Australian National University scientistsbelieve that the reason why we did not find signs of an advanced technological life may be that all the aliens became extinct. “Extinction is the cosmic order for most of life that has ever appeared,” the study authors write.

"Probably, the Universe is full of potentially habitableplanets, so many scientists believe that they must be crawling with aliens, ”says Chopra. “Most early planetary environments are unstable. To create a habitable planet, life forms need to regulate greenhouse gases, such as water and carbon dioxide, to maintain a stable surface temperature. ”

About four billion years ago, Earth, Venus and Mars, could be inhabited. However, a billion years after the formation of Venus turned into a greenhouse, and Mars froze in the ice.

Early microbial life on Venus and Mars, ifsuch was not able to stabilize a rapidly changing environment, says co-author Charlie Lineweaver from the Institute of Planetology, ANU. "Life on Earth probably played a leading role in stabilizing the planet's climate."

Wet, solid planets with ingredients andthe energy sources necessary for life seem ubiquitous, however, as the physicist Enrico Fermi noted in 1950, no signs of the survival of extraterrestrial life were found.

Probable solution to the Fermi paradox, they sayscientists, there will be an almost universal early extinction, which they dubbed the “Gaia bottleneck” (as any bottleneck is called). “One curious prediction of Gaia's bottleneck is that the vast majority of fossils in the universe will consist of extinct microbial life, not multi-cellular species such as dinosaurs or humanoids, which require billions of years to develop,” says Lineweaver.

“Can a planet, in a sense, be alive?”“, Wonders NASA astrobiologist David Greenspun. He is not the first time to put forward such a concept. In his 2003 book, ‘Lonely Planets’, Greenspun presented the “living world” hypothesis, a small variation of the well-known Gaia hypothesis.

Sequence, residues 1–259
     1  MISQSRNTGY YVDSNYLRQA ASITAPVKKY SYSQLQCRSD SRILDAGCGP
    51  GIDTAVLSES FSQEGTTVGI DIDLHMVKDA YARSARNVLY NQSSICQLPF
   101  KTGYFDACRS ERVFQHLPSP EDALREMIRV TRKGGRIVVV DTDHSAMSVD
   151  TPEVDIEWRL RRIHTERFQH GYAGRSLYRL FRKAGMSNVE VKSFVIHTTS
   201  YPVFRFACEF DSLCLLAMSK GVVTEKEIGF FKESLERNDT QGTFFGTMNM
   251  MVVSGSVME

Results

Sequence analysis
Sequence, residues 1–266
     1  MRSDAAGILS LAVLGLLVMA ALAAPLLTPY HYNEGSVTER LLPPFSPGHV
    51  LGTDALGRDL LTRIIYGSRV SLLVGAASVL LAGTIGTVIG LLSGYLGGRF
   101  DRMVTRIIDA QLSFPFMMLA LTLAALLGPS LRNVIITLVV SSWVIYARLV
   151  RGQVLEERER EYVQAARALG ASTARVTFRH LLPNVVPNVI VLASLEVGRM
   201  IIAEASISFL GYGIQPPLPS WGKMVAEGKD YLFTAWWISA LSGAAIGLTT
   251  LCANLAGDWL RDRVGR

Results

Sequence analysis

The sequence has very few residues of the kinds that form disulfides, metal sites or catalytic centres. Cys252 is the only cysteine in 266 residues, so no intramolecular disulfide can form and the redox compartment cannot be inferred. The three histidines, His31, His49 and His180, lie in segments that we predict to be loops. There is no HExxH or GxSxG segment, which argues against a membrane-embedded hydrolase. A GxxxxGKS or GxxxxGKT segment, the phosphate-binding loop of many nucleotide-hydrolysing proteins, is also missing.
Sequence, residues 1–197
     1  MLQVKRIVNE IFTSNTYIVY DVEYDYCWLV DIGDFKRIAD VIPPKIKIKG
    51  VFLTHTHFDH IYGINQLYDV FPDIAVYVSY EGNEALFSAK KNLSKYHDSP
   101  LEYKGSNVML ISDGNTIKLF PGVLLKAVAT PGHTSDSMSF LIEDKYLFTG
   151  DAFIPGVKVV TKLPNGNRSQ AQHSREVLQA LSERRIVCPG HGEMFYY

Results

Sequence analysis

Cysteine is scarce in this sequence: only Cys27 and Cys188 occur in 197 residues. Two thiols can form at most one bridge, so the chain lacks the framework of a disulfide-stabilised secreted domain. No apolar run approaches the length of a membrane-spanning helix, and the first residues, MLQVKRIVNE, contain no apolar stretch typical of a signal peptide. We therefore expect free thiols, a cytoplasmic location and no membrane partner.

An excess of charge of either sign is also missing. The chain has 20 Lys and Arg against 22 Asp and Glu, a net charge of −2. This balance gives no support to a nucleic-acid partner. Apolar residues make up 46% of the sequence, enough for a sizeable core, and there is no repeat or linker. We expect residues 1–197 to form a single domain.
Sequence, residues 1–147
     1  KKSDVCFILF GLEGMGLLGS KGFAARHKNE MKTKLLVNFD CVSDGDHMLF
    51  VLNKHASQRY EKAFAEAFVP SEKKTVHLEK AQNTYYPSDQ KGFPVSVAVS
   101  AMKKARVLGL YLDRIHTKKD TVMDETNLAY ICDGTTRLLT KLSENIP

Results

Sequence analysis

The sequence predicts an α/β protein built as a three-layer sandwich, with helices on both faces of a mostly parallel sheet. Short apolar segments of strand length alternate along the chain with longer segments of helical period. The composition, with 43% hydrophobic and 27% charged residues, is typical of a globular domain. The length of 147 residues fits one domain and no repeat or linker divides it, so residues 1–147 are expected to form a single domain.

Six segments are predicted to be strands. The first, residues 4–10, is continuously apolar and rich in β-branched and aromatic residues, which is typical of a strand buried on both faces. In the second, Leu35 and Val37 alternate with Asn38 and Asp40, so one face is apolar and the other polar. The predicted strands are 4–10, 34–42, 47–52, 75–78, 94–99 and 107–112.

Since then, this idea has been vividly debated,however, it was considered more philosophical than scientific. Nevertheless, many researchers agree that this concept has helped the science of the Earth system to move forward, has allowed us to understand that many of the Earth’s cycles are water, nitrogen and carbon cycles; plate tectonics; climate - deeply interconnected and modulated, or modulated by life on Earth.

“A gay may just be a good metaphor,” says Greenspun. "But I wonder if life can be considered something that not only happened on our planet, but what happens to our planet."

“It’s not so easy to separate living and non-livingparts of the earth, ”he adds. “Life has made the Earth what it is, to a large extent. This is the general meaning of the Gaia hypothesis, and the hypothesis of the Living Worlds simply transports this idea to other planets. ”

"The idea of ​​the origin of life, separated from birthliving world has interesting implications for living elsewhere, ”writes Greenspun. "If the self-regulation of Gaia is responsible for the longevity of the Earth, then we need to find other places where this global organism has evolved, and not just places where life could once arise."

In other words, our search for life should be aimed at places with active geological and meteorological cycles, potentially signaling a living biosphere.

By the present moment we have found almost 2000 planets,revolve around distant stars, and continue to find new ones. Although these worlds may be too far away for us to find any direct evidence of life in the near future, scientists are becoming more and more experienced in determining the composition of their atmospheres. Perhaps one day this skill will allow us to distinguish between a “failed biosphere” and potentially living worlds.